Blue Grass Blues

Our friend David Adams reports that Kentucky's Insurance Department has approved Humana's 80% rate hike on individual plans. Of that, 60% is directly related to the ObamaTax Guaranteed Issue requirement.

But remember, rates will decrease by 3000%.

Saturday, September 7, 2013

Bay State Irony

From the home of RomneyCare (which begat the ObamaTax), we see the effects of the train wreck:

"New ACA Medicare Payroll Tax Hits Massachusetts, $1.7 Billion Over 10 Years"

According to a new report from the folks at the Pioneer Institute, some Bay Staters will see their annual Medicare payroll tax burden jump over 60%. They've even figured out how the new taxes will affect famous (and not-so-famous) Massachusetts sports figures. For example, Tom Brady will pay an additional half-a-million dollars in new taxes, while David Ortiz can anticipate an increase of almost $130,000.

Talk about a foul ball.

Oh, the folks at the PIU also point out that, starting this year, "the federal government will require all employers to withhold an additional 0.9 percent in Medicare payroll tax (increasing the tax rate from the current 1.45 percent to a permanent 2.35 percent). Unlike "basic" Medicare taxes, this additional tax is paid solely by the employee."

But I'm sure we'll get our money's worth, right?


Thursday, September 5, 2013

Exchange Subsidy: Feature or Bug?

FoIB Brian D offers this poser:

Many "mature" workers have resisted early retirement because it's been so difficult to find health insurance due to age and/or pre-existing health issues. 

Given that the ObamaTax premiums are required to be lower for older workers (and higher for young'uns), and since ObamaTax-compliant plans are guaranteed issue, how many folks in their early 60's will now feel comfortable bailing out of the workforce, taking their experience and institutional memory with them?

Wednesday, September 4, 2013

A Half-Finding about Physician Incomes

“Female physicians in the U.S. continue to earn less than their male counterparts, with the pay gap widening during the past two decades to more than $50,000 annually in 2010, researchers said.”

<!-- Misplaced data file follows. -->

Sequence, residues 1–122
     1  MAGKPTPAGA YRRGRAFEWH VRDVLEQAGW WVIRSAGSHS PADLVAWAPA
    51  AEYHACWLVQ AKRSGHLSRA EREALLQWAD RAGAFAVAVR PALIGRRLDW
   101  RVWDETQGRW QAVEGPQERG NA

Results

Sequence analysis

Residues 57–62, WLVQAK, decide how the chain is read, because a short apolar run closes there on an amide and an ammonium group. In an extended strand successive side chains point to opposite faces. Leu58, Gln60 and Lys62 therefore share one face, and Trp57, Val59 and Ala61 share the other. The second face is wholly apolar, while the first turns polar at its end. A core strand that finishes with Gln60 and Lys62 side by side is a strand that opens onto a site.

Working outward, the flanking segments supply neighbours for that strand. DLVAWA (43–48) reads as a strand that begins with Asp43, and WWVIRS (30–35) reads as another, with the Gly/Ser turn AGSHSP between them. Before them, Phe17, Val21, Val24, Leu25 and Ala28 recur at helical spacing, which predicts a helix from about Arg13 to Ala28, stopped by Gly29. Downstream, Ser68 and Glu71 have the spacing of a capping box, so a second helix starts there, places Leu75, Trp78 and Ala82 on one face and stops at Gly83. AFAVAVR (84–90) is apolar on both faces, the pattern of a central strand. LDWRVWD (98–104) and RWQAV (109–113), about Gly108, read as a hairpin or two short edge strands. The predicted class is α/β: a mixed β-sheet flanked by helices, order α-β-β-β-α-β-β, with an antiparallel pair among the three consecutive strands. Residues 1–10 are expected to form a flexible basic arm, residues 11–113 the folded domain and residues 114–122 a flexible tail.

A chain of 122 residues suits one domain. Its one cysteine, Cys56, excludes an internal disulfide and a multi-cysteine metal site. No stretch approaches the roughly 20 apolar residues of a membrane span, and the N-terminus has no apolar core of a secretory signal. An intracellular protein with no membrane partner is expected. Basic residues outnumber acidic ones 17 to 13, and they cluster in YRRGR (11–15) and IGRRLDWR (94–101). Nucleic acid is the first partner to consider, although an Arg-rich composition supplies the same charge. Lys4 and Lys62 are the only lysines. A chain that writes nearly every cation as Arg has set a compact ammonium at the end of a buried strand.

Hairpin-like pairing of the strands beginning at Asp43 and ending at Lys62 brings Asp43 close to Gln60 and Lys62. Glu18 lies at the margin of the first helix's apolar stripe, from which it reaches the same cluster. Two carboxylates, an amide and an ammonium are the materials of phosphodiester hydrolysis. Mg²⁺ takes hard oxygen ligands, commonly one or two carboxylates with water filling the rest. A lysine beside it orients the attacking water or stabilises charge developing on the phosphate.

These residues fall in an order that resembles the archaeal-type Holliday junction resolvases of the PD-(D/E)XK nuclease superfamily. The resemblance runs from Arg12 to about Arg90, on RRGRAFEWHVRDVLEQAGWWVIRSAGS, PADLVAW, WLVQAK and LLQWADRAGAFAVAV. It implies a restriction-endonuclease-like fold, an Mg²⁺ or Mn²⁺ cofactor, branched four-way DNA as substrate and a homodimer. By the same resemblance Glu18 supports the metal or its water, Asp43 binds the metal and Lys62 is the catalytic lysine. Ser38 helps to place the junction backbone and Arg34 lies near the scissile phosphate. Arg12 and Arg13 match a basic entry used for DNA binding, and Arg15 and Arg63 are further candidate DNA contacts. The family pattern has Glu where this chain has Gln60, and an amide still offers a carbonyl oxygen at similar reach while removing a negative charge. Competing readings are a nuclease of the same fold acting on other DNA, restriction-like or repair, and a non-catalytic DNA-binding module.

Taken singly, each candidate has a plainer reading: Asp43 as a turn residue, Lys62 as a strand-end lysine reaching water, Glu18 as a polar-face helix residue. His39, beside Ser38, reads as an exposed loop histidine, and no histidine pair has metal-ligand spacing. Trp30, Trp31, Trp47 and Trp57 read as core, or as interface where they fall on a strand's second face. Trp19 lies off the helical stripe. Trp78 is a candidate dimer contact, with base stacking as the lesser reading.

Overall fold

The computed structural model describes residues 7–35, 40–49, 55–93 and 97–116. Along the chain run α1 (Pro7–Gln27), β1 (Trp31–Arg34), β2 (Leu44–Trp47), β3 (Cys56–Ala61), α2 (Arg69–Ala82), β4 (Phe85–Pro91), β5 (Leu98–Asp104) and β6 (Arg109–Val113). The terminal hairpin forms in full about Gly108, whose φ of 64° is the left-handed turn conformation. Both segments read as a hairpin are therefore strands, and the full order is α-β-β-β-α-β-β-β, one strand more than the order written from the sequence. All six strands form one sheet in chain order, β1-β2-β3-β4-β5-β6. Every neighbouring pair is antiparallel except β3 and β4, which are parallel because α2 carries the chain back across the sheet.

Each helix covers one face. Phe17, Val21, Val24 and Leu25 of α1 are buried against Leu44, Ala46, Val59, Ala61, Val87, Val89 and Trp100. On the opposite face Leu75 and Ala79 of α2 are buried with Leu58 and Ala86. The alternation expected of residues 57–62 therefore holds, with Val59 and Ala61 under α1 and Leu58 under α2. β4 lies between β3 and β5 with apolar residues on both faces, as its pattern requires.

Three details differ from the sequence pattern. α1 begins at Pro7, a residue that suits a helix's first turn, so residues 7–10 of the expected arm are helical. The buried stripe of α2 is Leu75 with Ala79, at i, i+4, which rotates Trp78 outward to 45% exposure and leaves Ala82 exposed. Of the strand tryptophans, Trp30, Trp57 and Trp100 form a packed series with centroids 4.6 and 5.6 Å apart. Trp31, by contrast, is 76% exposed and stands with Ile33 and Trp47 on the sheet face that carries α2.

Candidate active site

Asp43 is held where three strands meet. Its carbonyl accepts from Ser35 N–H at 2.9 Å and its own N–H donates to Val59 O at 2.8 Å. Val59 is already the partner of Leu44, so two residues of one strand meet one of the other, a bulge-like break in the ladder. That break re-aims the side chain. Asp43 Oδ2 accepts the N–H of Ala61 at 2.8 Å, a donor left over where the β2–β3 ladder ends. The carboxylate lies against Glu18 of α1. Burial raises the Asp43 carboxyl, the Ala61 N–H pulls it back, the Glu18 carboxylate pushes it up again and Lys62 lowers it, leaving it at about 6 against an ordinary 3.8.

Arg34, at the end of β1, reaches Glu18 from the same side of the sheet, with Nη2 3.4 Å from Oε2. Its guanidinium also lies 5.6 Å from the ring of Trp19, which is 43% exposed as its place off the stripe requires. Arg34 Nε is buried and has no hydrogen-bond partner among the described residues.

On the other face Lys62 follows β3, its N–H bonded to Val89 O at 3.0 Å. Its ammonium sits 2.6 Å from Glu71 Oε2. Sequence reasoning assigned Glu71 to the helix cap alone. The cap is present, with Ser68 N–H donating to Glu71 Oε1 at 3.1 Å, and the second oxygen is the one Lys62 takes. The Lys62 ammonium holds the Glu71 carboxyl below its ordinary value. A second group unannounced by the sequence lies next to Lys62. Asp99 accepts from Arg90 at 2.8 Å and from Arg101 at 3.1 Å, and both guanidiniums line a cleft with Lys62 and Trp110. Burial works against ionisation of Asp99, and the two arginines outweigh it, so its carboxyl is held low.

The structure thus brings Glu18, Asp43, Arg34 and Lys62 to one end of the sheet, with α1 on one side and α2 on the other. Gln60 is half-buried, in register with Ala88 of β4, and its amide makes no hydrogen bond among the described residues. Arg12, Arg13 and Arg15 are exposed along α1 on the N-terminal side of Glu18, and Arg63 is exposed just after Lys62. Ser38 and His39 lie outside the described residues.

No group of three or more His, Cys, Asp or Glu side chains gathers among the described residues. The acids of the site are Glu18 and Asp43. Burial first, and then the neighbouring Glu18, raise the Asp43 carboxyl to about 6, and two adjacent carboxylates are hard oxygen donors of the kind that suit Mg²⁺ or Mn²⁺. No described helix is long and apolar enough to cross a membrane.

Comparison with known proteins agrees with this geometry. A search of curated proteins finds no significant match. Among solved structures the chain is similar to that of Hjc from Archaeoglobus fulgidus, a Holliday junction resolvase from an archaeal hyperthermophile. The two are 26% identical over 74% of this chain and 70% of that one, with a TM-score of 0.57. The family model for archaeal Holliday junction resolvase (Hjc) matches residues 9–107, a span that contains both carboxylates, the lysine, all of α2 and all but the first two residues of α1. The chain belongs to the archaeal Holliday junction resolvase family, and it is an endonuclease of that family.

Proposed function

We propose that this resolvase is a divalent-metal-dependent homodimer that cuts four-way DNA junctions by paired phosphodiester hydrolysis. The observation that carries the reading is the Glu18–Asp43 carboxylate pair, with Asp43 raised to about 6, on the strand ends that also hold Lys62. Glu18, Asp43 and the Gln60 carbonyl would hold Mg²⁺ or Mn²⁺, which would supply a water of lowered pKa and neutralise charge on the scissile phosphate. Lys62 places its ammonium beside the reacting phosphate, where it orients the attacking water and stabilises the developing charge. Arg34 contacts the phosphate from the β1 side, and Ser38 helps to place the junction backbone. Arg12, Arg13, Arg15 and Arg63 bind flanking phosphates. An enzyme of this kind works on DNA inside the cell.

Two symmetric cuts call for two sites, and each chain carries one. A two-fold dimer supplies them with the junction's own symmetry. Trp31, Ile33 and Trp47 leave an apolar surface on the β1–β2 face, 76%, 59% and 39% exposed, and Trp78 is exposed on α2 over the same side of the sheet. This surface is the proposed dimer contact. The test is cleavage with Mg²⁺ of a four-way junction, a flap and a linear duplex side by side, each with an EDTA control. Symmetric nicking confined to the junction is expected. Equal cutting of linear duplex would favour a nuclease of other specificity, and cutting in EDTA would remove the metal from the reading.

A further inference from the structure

The article suggests that because of limitations in the source data the researchers “couldn’t adjust for a physician’s specialty or practice type.”   Thus the study would seem fatally flawed.

 But then the researchers go on to conjecture:

". . .  or do female physicians have less opportunity to enter higher paying specialties despite having similar preferences as male physicians?”

I think that's a reasonable conjecture, yet I wonder.  For one thing, what incentives are there for hospitals and group practices to hire male physicians at substantially higher compensation than equally-qualified female physicians?  For another, doesn't managed care in fact provide pretty much the opposite incentive?

I also wonder because worry has been expressed for years about a growing shortage of physicians in the U.S.    This shortage will become much worse if predictions turn out to be true that the ACA substantially increases the number of patients (by increasing the number of insured people) while the number of physicians increases only nominally.   This implies a lot more physicians will be needed than are likely to be in practice over the next few years, so demand for physicians would soar.  Don’t these circumstances actually increase women physicians’ bargaining power?

So I wonder - what's the mechanism, exactly, under which equally-qualified female physicians are being denied opportunities that exist, and that the female physicians seek?  

As it stands, the article reports only a half-finding: it's certainly true that there's an overall gap in median incomes.  But the research does not explain why this might be so.  Clearly more research is needed.

Keep in mind that statistically, it’s treacherous to rely on an overall result, be it median or average.  My favorite example is that, on average, Americans have one testicle and one ovary.  While that's certainly true, don’t expect to meet any such American right soon.   

Rosh Hahannah 5774

Tonight marks the beginning of the 10 Days of Awe, as we welcome the New Year. Although this is a very serious time,  it's also an opportunity to celebrate and have a little fun.

One enduring tradition is dipping apples in honey; the apple represents the world, the honey represents sweetness. Typically, apple slices and a bowl of honey are passed around; everyone takes a slice, takes a dunk, recites a prayer and takes a bite.

And then there's this: